Holidays and Mental Health

What are the different winter holidays?

As the days grow colder and we start seeing holiday-themed displays in stores, many of us start preparing for the upcoming festivities. Though many cultures hold celebrations or holidays during the winter, perhaps the most commonly known holidays in the United States are Christmas on December 25th, Hanukkah on December 10-18, and Kwanzaa on December 26-January 1st. Though celebrations of the new year vary across different cultures, the coming of the new year is widely celebrated on December 31st-January 1st in the United States. While holidays can be a time of joy and celebration for many, the holidays can also bring forth mental health challenges and increased stress for others.

Psychological impact.

According to a survey conducted by the National Alliance on Mental Illness, about 64% of people diagnosed with mental illness reported that holidays make their conditions worse and approximately 66% reported feeling lonely (National Alliance on Mental Illness, 2014). Given the further isolating factors of the COVID-19 pandemic, it is likely that a greater amount of us feel this way, as many of us won’t be able to see our loved ones. The holidays can also prompt financial and psychosocial stress due to family conflict and holiday expectations.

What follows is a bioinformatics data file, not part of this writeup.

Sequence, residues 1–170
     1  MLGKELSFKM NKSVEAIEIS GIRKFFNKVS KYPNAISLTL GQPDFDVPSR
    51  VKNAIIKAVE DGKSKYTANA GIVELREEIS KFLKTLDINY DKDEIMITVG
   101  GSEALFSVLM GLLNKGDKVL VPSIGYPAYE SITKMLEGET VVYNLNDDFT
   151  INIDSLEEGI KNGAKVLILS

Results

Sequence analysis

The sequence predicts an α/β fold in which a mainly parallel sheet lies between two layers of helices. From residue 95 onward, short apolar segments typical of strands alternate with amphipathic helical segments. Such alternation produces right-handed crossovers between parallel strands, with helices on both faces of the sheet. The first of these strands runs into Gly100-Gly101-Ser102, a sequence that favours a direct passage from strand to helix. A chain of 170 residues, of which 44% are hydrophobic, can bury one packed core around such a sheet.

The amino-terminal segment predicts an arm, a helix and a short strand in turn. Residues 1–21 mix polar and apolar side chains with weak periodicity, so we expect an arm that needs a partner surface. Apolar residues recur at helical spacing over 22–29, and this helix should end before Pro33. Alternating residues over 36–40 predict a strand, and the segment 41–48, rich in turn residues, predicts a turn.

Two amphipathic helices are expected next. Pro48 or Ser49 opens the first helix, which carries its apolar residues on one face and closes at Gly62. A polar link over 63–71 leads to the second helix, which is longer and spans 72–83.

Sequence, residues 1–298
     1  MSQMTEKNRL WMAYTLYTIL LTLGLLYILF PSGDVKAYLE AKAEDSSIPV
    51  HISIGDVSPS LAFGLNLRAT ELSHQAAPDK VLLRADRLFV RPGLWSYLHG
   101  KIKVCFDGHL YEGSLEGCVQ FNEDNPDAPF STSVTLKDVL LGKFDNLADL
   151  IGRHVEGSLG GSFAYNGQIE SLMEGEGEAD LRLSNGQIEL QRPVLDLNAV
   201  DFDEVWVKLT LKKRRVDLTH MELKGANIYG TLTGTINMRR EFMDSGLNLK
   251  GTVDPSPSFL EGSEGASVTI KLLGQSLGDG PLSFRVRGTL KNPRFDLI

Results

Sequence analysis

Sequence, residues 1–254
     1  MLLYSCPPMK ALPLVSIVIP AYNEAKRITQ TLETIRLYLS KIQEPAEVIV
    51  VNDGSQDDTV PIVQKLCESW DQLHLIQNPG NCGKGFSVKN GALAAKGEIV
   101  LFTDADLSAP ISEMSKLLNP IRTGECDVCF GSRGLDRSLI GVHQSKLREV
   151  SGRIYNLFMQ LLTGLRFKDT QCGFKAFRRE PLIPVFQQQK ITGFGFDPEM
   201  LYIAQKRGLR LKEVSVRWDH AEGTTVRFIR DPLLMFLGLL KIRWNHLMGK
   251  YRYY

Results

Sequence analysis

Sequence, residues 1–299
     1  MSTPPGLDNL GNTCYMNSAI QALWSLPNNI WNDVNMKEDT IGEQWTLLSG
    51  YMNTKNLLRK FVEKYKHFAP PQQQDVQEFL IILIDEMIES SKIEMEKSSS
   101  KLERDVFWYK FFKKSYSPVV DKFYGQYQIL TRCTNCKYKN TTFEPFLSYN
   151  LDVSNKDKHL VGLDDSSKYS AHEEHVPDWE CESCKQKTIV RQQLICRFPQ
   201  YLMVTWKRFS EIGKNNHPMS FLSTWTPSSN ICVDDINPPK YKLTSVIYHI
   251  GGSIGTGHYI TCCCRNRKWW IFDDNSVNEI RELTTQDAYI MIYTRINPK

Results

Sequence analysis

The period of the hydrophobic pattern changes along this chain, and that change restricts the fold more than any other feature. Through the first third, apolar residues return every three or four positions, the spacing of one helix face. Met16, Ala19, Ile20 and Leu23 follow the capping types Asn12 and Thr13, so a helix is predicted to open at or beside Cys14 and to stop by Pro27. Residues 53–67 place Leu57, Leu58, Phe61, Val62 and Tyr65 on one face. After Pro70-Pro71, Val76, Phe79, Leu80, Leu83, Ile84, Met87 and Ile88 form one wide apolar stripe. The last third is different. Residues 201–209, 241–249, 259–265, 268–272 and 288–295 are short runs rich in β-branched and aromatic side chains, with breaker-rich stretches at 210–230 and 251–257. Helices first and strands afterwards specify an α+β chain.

How to help.

Implementing self-care into our routines in an intentional way can help improve our well-being when we are experiencing stress, loneliness, or depression. Self-care looks different for everyone but could look like reading a good book, going on a walk, enjoying a hobby, or even setting boundaries to honor ourselves. Being sensitive to our needs when we need it most is crucial in navigating mental health challenges. It is also a way to practice self-compassion.

Understanding that we are not alone in our experiences may also help us cope with mental health-related challenges around the holidays. This idea of universality is the acknowledgment that even if we feel lonely, we also can recognize that we are not alone in our struggles. As highlighted earlier, many people experience increased distress during the winter holiday season whether that is due to loneliness, depression, or stress.

With this being said, we can also help ourselves by making an effort to connect with others, whether we greet neighbors, write cards to loved ones, catch up with an old friend, or even volunteer with an organization to benefit those in need. We can even message friends and loved ones over social media to stay connected.

Having the support of mental health clinicians can help combat mental health-related challenges during the winter holidays. Especially for those experiencing depressive symptoms, medication management and psychotherapy is recommended.


National Alliance on Mental Illness. (2014). Mental Health and the Holiday Blues. NAMI. Retrieved November 11, 2021, from